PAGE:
Ronon worked his fingers under Sheppard's head, being careful not to move him. He grimaced when something warm and wet dripped onto his hand. Blood. His fingers inched forward a little further, and then brushed against the earpiece. Extracting it from Sheppard's ear and working it out again took another few minutes, but Ronon almost sighed when he pulled it out.
He stuck it in his ear, and heard McKay's frantic voice on the other end. Someone answered him—Carter. If she was here, then Atlantis knew what had happened and they would be looking for them right now.
"McKay!" Ronon barked, but McKay continued jabbering away in full panic. He set the earpiece down and studied Sheppard for a moment. If the earpiece worked, then somehow the radio had survived. If he could just find it, he would be able to call for help. In his mind, he saw Sheppard geared up for a mission—P-90 in right hand, earpiece in left ear, radio clipped to his vest on the left side…
He pulled at the rubble covering Sheppard's chest, hoping the radio was still clipped to the vest. The block attached to the re-bar wouldn't move, and Sheppard's breathing hitched as Ronon tried to move it around.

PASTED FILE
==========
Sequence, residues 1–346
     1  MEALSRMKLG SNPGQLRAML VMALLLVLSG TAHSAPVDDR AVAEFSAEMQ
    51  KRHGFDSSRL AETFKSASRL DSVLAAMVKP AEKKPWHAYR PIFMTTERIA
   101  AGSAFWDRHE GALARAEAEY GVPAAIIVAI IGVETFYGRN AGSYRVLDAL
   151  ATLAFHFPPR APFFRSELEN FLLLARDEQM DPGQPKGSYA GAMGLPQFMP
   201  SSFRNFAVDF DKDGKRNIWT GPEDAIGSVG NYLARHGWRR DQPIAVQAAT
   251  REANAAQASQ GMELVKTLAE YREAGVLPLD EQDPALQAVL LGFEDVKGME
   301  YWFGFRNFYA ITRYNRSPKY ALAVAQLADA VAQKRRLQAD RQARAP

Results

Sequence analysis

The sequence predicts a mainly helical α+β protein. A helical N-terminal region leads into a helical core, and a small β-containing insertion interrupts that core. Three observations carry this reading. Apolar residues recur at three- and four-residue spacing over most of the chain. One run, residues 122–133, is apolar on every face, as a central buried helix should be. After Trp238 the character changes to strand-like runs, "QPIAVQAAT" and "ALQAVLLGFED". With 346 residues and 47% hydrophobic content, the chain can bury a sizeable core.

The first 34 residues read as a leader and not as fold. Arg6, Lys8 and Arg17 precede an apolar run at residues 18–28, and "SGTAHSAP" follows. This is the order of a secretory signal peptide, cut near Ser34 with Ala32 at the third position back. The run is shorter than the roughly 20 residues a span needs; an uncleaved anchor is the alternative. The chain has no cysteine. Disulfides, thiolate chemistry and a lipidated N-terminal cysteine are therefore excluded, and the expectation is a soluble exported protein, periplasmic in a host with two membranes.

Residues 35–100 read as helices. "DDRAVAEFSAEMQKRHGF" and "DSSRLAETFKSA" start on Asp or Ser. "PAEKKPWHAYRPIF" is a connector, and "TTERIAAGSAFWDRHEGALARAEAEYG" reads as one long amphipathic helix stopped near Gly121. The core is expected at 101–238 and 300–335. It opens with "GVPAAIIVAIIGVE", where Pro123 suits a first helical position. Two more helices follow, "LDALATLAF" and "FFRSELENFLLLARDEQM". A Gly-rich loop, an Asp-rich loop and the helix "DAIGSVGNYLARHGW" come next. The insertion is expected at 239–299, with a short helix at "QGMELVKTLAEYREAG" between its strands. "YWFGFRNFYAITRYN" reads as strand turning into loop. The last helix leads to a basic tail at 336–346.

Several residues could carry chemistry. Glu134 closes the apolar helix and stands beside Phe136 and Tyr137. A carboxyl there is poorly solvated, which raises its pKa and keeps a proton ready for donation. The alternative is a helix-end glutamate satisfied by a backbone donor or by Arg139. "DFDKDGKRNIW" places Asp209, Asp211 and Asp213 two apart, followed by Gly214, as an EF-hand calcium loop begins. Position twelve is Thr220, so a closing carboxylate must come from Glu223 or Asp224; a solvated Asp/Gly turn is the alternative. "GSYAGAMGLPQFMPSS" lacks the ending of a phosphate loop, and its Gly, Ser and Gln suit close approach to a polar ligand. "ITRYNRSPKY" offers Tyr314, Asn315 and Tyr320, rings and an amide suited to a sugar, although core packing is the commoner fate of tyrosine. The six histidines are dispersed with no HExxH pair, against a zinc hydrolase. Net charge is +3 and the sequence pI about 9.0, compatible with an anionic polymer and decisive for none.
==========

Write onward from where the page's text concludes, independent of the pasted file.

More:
"Sorry, buddy," he muttered. He reached under the cement, again using his fingertips to feel what he could not see. His hand ghosted over the shredded remnants of the vest until finally they closed around the bottom of the radio. He tugged at it and heard Sheppard's breath hitch again at the same time as the block of cement jiggled, and he realized the radio was pinned between the cement and his friend's chest. He pulled a little more gently, wiggling the radio as carefully as he could. Sheppard's eyes fluttered open.
"…hh'rrts…" He moaned.
"I know," Ronon soothed. "Sorry about that."
"…hh'rd to…b-breathe…" Sheppard rasped. His breath stuttered again and he whimpered in pain.
Ronon froze for a moment, then continued to work the radio free. He was half horrified at causing the man pain, but he needed the radio. They needed the radio. With one final jerk, the radio came loose and Ronon pulled it out. He was amazed it was still in one piece. Other than a deep scratch along one side, it looked perfectly normal.
"…bb-better…" Sheppard panted and the lines of pain around his face relaxed as his eyes slid closed again.